Global Survey Aims to Measure Pandemic’s Effects on Sexual and Reproductive Health
Institute for Global Health and Infectious Diseases
The expanding COVID-19 pandemic has transformed the social lives of people across the world. A collaboration between researchers at the UNC Institute for Global Health & Infectious Disease, the London School of Hygiene and Tropical Medicine, and the Academic Network for Sexual and Reproductive Health and Rights Policy is seeking to discover the effects of pandemic lockdown practices on sexual and reproductive health. The International Sexual Health and Reproductive Health (I-SHARE) Survey is seeking to examine COVID-19 effects on sexual and reproductive practices in low-, middle- and high-income countries. Thirty-three countries across the globe are participating in the project, with more partner institutions joining I-SHARE every day. Topics the survey focus on include contraceptive use, access to reproductive healthcare, sexual/gender-based violence, and STI prevalence.
The consequences of COVID-19 measures on access to essential healthcare services is still largely unknown. Conducting research on the topic has also become increasingly difficult due to lockdown regulations. Dr. Joseph Tucker, associate professor of medicine at UNC and one of the architects of the I-SHARE project, says, “COVID-19 has turned many things upside down. For example, population-representative surveys are the gold standard for understanding sexual health, behaviors, and outcomes. Yet COVID-19 lockdowns preclude this type of rigorous inquiry, and we still need to have some data on sexual behaviors during this time. The I-SHARE project will help to fill this gap and inform local policies related to sexual health.”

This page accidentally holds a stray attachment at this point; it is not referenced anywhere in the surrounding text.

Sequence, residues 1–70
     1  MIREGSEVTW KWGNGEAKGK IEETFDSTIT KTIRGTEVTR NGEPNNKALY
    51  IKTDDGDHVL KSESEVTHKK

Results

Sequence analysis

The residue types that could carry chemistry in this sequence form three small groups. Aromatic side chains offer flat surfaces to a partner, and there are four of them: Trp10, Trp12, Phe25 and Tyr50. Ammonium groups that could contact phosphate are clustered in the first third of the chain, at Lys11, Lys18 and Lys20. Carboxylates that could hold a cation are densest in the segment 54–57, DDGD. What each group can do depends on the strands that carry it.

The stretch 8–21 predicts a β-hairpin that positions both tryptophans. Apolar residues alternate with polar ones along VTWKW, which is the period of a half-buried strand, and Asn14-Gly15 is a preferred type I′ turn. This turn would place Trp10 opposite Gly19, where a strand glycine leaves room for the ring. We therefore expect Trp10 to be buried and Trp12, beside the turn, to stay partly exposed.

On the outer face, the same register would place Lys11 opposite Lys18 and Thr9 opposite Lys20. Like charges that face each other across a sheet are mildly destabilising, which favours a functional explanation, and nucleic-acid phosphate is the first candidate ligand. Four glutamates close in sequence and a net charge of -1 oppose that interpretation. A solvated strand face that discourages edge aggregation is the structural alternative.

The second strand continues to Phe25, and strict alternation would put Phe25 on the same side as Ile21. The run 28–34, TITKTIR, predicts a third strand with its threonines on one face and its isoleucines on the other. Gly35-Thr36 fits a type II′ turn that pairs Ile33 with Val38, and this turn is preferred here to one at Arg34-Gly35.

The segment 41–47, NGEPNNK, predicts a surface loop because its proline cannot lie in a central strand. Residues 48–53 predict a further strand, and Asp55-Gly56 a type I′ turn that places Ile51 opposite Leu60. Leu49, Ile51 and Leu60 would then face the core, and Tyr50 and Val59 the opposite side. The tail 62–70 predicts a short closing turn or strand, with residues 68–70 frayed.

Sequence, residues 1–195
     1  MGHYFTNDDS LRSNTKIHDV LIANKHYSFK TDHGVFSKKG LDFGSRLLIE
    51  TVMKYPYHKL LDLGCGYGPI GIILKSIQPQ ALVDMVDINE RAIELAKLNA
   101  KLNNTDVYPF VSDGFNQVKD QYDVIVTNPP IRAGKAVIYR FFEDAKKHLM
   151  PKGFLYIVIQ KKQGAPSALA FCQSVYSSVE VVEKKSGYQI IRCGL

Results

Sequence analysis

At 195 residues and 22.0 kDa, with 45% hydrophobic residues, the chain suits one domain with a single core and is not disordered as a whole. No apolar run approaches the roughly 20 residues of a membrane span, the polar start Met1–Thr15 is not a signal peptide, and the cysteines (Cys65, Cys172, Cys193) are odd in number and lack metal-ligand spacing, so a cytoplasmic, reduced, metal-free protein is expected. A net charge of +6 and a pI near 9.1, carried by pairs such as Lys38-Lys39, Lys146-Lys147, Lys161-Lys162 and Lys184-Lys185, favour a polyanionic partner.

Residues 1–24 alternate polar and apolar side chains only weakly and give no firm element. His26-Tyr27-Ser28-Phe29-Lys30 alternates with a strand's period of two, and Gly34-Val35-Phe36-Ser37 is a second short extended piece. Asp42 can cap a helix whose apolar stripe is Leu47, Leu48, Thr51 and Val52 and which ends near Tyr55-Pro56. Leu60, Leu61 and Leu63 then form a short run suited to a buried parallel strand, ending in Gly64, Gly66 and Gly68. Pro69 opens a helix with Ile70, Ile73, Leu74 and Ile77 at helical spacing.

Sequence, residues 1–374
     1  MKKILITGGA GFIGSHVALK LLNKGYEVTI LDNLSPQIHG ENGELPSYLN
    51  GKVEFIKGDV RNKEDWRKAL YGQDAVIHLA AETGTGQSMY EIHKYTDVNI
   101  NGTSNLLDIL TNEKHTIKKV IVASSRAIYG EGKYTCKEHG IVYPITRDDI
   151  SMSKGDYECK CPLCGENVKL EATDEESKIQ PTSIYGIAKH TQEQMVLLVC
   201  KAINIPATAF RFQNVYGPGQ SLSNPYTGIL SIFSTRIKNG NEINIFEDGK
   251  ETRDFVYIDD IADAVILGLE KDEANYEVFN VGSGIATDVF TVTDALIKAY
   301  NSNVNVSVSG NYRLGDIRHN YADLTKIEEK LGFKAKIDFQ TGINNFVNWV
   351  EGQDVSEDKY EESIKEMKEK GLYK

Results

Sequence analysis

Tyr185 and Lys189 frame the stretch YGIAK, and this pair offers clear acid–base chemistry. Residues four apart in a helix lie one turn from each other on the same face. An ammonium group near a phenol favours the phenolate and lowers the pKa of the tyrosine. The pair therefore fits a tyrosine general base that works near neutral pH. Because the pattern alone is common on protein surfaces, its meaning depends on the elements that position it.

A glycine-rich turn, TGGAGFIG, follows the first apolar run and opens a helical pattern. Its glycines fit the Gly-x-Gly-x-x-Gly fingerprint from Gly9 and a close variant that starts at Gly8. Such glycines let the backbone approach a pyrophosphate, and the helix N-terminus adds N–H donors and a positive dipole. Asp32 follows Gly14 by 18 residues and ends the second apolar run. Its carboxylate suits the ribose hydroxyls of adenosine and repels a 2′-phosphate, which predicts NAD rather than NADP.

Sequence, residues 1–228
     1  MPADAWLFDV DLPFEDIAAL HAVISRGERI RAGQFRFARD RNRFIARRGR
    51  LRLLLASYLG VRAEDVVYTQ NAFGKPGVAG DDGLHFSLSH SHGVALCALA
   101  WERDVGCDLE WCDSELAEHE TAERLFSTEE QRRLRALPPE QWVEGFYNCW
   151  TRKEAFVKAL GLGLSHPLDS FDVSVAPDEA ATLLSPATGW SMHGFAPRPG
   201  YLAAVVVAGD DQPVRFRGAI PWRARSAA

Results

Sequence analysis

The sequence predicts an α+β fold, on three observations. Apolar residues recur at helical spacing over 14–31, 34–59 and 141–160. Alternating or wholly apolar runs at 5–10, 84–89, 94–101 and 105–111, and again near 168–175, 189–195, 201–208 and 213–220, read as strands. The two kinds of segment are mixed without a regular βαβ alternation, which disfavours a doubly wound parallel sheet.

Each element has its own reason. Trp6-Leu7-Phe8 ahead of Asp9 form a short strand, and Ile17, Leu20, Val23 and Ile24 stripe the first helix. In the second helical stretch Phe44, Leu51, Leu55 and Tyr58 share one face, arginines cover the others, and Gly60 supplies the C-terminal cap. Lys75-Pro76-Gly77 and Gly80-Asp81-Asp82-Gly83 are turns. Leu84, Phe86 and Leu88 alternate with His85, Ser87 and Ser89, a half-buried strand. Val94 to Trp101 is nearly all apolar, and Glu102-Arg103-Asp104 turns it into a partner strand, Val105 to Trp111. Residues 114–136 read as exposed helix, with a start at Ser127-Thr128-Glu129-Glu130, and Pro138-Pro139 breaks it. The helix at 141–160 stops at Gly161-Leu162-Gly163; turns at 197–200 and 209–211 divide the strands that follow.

Three UNC undergraduate students in the Honors Carolina program are taking part in working groups. Priya Kosana, a junior biology student, is helping the survey implementation working group to use social media as a participant recruitment method. Sonam Shah, a junior health policy and management student at the Gillings School of Global Public Health, is working on data analytics and circumnavigating the pitfalls of convenience sampling in survey research. Takhona Hlatshwako, also a junior health policy and management student, is focusing on digital programming of surveys and tailoring surveys to in-country needs.
The I-SHARE project will shed light on how a restructure of healthcare systems to accommodate for the pandemic has affected other facets of global health. Sexual and reproductive health, a neglected field of study under the best of circumstances, is bound to have changed under COVID-19 lockdown conditions.